Switches 102 and 103 conduct during one half cycle of an incoming oscillating voltage, and switches 104 and 105 conduct on the other half cycle. In combination a full bridge rectifier is formed. The conduction timing of each switch is controlled by the controller 16. For example, the controller may apply a voltage to the gate of a MOSFET switching device to enable conduction. The controller is configured to receive inputs from parts of the receiver which can include the current and voltage being supplied to the load 10. The controller may also be provided with the load's power requirements by inputs or any other suitable means.
The rectification circuit 100 includes an additional switching device 101 configured in one leg of the bridge. The additional switching device 101 together with the series capacitor 14 in the power receiving circuit 8 form a power regulation circuit operable to control the flow of current to the load 10.
The controller 16 is further configured to control the conduction of the additional switching device 101 to effectively generate a DC voltage bias across the capacitor 14 by virtue of a nonzero average voltage being created across the capacitor for one full phase of the incoming AC voltage from the receiver coil. Charge build up in a capacitor affects the conductivity and therefore the power that can be drawn through it. The capacitor 14 is configured to regulate power from the power receiving circuit to the load 10 by control of the DC bias across it. During full power operation of the circuit, switching device 101 is controlled to conduct for the entire cycle of the incoming voltage waveform. The switching devices 102-105 in the bridge operate to provide for normal rectification. To regulate current to the load, the controller 16 is configured to adjust the conduction timing of switch 101 such that the switch is off for a period of every incoming AC oscillation cycle while the remaining switching devices in the rectifier bridge operate normally. Any nonconductive period of the switching device 101 builds a charge in the capacitor 14 that in turn regulates current flow to the load.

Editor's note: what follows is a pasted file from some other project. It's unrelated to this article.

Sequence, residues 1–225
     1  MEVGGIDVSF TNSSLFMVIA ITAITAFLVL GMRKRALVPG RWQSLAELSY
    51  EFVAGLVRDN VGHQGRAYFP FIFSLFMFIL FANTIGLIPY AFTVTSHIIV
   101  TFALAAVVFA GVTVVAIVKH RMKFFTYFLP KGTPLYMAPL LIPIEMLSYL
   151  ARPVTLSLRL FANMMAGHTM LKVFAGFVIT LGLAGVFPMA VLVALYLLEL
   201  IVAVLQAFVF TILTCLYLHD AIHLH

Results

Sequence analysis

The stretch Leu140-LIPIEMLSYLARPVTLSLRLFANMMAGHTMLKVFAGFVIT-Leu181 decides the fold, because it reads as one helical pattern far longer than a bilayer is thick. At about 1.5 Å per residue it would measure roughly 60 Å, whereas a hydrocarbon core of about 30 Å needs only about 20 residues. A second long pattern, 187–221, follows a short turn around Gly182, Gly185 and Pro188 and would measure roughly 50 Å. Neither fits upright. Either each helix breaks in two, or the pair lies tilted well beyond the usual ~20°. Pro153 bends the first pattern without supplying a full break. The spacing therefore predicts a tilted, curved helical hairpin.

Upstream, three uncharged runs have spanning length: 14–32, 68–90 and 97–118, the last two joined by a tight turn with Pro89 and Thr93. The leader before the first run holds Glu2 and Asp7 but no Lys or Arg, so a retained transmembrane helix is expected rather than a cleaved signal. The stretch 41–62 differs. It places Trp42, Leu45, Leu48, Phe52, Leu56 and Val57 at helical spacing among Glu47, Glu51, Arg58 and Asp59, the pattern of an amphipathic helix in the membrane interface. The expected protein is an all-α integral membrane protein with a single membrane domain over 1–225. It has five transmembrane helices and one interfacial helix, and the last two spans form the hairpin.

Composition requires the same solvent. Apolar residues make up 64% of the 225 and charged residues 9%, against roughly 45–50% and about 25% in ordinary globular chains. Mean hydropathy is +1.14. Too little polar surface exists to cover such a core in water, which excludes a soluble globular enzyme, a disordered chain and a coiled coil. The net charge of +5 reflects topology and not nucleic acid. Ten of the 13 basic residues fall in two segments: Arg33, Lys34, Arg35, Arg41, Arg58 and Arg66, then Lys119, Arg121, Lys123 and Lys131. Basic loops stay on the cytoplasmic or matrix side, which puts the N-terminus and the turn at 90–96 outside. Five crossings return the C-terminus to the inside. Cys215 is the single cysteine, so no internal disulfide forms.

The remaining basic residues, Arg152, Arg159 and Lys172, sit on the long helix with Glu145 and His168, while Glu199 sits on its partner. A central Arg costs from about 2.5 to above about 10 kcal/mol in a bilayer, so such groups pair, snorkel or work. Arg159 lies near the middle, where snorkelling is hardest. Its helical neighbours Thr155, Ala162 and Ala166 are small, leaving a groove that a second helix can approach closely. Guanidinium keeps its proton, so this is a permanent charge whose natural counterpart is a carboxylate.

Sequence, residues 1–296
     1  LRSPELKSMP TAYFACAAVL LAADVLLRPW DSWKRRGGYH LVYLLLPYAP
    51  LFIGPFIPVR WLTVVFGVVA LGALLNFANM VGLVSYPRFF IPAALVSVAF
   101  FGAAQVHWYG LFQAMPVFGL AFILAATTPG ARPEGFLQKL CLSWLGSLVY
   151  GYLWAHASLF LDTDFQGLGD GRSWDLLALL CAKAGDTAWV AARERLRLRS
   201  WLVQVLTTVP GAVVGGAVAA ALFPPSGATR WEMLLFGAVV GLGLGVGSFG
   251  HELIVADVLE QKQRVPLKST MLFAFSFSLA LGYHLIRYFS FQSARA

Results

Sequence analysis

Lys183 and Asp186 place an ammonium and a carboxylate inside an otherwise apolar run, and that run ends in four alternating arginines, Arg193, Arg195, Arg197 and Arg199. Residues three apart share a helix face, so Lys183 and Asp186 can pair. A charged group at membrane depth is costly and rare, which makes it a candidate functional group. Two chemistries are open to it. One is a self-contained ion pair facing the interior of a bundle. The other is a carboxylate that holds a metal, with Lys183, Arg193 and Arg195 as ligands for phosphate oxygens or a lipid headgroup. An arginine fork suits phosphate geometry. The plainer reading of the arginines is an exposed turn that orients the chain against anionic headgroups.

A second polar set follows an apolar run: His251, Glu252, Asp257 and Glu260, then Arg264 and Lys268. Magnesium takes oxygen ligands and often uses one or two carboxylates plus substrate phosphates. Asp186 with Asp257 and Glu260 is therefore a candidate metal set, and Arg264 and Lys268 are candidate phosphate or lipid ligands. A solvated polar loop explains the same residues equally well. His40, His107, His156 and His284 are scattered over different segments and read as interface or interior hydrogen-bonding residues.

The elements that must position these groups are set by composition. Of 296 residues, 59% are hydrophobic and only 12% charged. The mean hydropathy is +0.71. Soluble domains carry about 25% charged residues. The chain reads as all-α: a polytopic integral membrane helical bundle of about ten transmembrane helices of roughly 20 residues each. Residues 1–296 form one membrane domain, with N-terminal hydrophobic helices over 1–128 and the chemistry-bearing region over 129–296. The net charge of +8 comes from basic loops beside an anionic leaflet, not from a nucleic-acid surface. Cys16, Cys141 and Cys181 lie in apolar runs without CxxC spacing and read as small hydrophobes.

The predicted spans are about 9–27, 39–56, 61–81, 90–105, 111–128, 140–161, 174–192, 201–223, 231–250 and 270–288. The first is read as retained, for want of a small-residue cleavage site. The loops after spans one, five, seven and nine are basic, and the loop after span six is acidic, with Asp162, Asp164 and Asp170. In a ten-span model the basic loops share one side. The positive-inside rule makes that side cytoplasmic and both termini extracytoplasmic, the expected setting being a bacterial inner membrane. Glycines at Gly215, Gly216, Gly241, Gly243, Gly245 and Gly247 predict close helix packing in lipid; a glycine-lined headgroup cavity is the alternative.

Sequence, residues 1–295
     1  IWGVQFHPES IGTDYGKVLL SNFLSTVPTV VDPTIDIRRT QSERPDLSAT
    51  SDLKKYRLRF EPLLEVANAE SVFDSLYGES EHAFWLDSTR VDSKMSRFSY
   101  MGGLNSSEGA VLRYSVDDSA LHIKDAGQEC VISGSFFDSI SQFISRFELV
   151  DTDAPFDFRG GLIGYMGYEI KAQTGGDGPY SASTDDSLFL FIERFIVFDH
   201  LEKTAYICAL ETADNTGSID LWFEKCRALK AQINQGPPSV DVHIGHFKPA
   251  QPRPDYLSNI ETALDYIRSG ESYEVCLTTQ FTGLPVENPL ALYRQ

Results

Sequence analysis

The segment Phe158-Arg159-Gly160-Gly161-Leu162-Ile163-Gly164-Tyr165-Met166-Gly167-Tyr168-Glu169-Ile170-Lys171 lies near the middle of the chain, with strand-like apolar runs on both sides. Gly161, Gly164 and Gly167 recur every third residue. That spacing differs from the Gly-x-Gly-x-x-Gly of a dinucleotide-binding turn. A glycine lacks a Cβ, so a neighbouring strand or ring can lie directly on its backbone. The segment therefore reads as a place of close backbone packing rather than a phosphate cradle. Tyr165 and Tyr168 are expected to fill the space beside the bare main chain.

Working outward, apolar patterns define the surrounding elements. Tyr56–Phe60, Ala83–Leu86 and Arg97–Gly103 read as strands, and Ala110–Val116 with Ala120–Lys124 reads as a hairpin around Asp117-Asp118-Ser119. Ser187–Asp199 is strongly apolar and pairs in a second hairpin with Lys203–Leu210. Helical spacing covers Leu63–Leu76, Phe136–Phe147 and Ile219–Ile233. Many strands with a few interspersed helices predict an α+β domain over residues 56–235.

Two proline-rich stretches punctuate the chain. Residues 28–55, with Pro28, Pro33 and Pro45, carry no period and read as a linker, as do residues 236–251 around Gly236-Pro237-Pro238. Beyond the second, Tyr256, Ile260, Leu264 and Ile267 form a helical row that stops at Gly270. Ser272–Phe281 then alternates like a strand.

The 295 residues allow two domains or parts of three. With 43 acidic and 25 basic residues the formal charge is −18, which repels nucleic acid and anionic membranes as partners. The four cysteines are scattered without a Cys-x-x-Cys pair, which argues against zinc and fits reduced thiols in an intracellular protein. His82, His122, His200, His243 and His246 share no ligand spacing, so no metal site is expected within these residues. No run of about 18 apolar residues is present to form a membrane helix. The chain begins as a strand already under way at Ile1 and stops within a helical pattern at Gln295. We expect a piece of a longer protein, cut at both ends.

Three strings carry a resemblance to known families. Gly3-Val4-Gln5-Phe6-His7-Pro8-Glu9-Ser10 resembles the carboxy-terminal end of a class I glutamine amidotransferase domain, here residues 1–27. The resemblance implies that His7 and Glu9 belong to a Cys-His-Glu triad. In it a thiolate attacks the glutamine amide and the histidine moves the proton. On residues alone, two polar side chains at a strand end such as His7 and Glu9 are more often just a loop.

Regulation can therefore be provided by control of a single additional switch to a full bridge synchronous rectifier thereby allowing easy control with minimal switching losses. The additional switch offers further advantages of negligible switching losses and minimal conduction losses.
Figures 4a to 4d show graphs of time varying voltage waveforms operable for rectification and current regulation in the circuit embodiment shown in Figure 3. In particular, Figure 4a shows the current IAC flowing from the capacitor 14 in the power receiving circuit 8. Figure 4b shows a control voltage waveform and therefore the conduction timing of regulation control switch 101 . Figure 4c shows the current IDC flowing to the smoothing capacitor 15. Figure 4d shows a waveform of the voltage across the capacitor 14 in the power receiving circuit 8. As can be seen, the off period 1 10 of the switch 101 produces zero IAC current flowing through capacitor 14. Voltage across the smoothing capacitor 15 is held substantially constant during the off phase 1 10 and therefore the current through capacitor 14 is raised to provide an average nonzero DC bias voltage 1 1 1 . The DC bias across the capacitor 14 advantageously regulates the current flowing to the load by simple control of the conduction timing of a single switch. Example 2
Figure 5 shows a further embodiment of a circuit 120 to enable power regulation to a load. The circuit 120 comprises a power receiving circuit 8 having a power receiving coil 14 and a capacitor 13. The output of the power receiving circuit is provided to the input of a switching device 121 then to a rectification circuit 100 comprising an arrangement of switching devices 102 to 105 in a bridge configuration.
Circuit 120 is similar to the circuit shown in Figure 3 in that the conduction period of the switching device 121 located between the power receiving circuit and the rectification circuit causes a DC bias build-up in the capacitor in the power receiving circuit 8 that enables regulation of the current flowing to a load. Conduction of the switching device is controlled by the controller 16. In this circuit, the switch 121 is configured in series to the capacitor to allow current flow when in a conductive state.